Montana’s campaign-finance cop says both major-party candidates for governor have made accounting mistakes that violated campaign-finance laws – although the order involving Republican Greg Gianforte concerns a lot more money.
Commissioner of Political Practices Jeff Mangan said Tuesday the Gianforte campaign hasn’t properly reported or used as much as $182,000 in donations for the primary election. That portion is 1.5 percent of his $11 million in campaign income.
That portion either must be used to pay off debts from the primary, or the campaign must refund money it has raised since the June 3 primary to pay off primary debts, Mangan said.
And, in an order last Friday, Mangan said the campaign of Democrat Mike Cooney improperly accepted a $710 donation, in excess of legal limits, and didn’t report another in-kind donation from the Democratic Governors Association.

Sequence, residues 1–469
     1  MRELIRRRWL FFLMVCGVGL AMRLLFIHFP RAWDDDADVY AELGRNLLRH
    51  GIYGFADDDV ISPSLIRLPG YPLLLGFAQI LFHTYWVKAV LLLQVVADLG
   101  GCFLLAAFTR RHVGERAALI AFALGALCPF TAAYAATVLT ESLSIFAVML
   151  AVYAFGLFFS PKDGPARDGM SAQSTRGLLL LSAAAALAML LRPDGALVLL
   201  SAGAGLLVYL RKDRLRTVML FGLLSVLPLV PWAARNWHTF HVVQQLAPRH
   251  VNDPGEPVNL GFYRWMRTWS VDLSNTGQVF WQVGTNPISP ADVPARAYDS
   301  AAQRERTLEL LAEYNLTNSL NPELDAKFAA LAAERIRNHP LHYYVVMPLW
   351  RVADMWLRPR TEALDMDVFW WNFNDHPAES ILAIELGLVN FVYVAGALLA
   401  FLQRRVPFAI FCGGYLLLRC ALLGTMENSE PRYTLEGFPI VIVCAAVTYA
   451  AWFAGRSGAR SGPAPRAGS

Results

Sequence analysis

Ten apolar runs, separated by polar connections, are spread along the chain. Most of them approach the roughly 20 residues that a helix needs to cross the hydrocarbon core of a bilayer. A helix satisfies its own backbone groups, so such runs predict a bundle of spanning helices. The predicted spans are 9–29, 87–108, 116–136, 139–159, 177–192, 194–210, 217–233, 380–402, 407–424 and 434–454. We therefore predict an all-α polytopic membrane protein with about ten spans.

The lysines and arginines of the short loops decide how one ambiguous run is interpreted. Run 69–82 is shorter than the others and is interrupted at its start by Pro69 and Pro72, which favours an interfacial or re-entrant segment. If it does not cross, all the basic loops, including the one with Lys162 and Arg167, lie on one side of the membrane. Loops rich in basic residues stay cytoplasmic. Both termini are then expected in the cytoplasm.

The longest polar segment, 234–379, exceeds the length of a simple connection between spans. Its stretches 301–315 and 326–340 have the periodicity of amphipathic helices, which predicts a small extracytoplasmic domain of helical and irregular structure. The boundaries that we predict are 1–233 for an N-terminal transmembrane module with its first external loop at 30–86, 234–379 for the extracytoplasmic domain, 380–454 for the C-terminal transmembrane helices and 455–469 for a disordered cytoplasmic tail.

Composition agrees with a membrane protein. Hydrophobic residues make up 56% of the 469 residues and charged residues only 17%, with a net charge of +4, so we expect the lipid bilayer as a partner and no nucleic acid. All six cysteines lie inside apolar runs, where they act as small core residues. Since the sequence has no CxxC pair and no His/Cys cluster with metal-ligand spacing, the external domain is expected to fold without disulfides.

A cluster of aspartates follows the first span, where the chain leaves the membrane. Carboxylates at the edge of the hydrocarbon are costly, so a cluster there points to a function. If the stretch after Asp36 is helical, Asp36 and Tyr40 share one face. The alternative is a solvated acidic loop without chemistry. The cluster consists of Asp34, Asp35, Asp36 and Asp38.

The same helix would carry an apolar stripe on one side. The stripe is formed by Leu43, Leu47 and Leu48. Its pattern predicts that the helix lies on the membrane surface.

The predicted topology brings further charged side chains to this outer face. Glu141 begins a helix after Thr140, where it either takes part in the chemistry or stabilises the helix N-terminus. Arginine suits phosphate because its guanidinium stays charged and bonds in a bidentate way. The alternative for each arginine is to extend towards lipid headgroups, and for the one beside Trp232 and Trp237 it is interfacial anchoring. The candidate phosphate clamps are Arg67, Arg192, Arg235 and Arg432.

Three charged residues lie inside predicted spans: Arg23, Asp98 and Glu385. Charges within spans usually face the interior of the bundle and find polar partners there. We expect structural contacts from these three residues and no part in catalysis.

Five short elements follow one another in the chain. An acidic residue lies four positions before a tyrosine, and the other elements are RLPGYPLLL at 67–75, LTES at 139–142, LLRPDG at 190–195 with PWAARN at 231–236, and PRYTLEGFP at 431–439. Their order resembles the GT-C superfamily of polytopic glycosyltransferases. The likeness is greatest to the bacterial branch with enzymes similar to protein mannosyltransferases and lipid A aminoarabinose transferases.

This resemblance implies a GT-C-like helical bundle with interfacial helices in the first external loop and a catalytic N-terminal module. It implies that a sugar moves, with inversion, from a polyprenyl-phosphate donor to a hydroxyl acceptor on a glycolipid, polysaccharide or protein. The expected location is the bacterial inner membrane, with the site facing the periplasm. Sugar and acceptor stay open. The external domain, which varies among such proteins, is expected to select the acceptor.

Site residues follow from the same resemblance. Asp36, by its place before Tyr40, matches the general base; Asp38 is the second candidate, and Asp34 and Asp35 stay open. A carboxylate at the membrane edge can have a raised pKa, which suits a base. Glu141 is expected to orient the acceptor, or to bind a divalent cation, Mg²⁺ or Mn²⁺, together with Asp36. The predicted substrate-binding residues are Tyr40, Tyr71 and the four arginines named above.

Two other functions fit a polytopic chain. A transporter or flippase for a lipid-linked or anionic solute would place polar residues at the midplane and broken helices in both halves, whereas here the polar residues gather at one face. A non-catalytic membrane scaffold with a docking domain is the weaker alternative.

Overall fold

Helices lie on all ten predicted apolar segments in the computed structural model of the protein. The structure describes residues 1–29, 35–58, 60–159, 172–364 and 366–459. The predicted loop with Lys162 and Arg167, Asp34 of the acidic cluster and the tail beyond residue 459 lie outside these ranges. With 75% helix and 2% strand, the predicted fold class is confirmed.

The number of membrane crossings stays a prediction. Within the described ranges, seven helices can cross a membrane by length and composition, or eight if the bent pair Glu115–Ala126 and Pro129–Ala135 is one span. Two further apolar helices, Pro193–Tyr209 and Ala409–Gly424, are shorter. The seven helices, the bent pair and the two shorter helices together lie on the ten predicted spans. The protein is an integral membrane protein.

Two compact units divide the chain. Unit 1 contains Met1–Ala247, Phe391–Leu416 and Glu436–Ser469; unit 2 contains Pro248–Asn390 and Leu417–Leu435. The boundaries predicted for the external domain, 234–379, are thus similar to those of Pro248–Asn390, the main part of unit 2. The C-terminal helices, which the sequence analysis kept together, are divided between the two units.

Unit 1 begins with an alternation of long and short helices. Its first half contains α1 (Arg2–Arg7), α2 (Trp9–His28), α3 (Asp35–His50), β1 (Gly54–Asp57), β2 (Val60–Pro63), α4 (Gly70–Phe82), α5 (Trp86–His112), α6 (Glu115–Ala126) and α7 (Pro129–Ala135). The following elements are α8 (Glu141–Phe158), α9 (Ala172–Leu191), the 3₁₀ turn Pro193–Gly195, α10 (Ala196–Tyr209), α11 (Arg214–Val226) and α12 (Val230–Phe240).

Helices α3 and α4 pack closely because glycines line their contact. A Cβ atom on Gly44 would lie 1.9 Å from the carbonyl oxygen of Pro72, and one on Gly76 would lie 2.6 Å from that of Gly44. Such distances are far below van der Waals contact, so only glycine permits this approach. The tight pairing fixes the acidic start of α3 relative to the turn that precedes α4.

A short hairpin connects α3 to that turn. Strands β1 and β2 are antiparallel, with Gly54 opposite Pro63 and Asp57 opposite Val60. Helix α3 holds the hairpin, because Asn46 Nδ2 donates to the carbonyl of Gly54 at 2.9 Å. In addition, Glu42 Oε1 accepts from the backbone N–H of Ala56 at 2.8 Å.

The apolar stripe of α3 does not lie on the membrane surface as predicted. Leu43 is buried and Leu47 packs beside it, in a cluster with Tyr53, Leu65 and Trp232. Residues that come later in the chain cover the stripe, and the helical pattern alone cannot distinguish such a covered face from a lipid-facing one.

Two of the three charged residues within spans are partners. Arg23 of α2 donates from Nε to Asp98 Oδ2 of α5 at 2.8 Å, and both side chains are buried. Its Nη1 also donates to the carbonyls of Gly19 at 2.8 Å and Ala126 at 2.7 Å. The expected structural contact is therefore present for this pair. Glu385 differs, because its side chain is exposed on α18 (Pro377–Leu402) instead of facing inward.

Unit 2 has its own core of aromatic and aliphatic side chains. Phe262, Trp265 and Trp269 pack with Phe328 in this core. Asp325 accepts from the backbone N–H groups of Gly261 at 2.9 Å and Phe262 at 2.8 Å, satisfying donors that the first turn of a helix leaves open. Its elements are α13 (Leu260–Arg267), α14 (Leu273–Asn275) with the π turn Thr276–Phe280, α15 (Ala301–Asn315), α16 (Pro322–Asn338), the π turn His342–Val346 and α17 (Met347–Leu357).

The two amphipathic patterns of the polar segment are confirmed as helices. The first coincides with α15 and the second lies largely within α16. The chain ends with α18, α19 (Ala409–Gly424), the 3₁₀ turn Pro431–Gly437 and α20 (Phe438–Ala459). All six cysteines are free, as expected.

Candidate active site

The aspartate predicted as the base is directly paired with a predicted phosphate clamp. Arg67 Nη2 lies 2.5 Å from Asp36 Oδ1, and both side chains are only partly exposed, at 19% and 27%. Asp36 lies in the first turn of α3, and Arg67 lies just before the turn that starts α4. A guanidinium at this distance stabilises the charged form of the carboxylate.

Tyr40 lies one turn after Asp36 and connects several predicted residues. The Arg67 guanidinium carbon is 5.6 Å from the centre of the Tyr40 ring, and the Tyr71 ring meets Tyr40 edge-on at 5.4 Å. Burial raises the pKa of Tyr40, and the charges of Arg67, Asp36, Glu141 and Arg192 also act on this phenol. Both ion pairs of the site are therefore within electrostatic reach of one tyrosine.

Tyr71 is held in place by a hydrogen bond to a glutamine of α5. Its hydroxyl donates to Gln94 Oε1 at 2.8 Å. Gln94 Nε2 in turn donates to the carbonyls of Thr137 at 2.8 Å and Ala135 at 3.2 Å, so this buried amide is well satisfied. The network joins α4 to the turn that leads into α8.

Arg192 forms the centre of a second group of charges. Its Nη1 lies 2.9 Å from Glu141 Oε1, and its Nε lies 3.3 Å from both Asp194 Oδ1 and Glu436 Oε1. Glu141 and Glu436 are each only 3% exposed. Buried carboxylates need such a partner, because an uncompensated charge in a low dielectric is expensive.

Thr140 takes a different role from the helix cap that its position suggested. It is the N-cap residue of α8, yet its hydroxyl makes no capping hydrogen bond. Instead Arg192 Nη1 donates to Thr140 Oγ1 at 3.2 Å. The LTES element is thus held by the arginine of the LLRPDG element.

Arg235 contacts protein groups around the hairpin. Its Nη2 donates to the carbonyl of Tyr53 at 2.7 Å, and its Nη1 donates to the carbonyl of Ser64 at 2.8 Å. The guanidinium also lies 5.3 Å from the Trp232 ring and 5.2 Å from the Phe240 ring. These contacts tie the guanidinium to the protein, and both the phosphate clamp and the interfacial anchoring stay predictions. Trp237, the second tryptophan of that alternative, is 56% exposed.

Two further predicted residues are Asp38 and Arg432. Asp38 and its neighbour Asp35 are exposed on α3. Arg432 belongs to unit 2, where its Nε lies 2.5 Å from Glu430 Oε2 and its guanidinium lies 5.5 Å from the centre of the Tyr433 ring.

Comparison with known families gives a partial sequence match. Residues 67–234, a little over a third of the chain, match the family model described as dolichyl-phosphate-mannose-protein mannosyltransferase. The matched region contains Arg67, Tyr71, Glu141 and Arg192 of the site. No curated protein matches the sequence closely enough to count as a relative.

In both cases, Mangan said he would attempt to negotiate a civil fine for each campaign, for committing the violations.
Cooney’s campaign said it mislabeled the source of $710 donation and would correct that error, so the donation does not exceed legal limits. It also said the in-kind donation from the DGA is less than $35. Cooney has raised about $3.4 million for his campaign.
Mangan ruled on complaints filed against Cooney by the state Republican Party and another group.
In the Gianforte case, a state Democratic Party complaint said he had improperly transferred primary-election funds to the general election and then used that money for general-election expenses – while still collecting donations for the primary account.
Mangan said there is no evidence that the Gianforte campaign used any primary-election money for the general election. The two pots of money are kept separate, because state law limits how much money a donor can give for both the primary and the general elections.
But Mangan said the campaign transferred $182,000 from its primary account to the general election in June, while still having outstanding primary-election debts – while it continued to raise money for the primary, to pay off those debts.
The campaign cannot do both, he said. Either it must use the $182,000 to pay off some of its primary debt or refund all of the $137,000, or more, that it has raised since the primary to pay off primary debts, he said.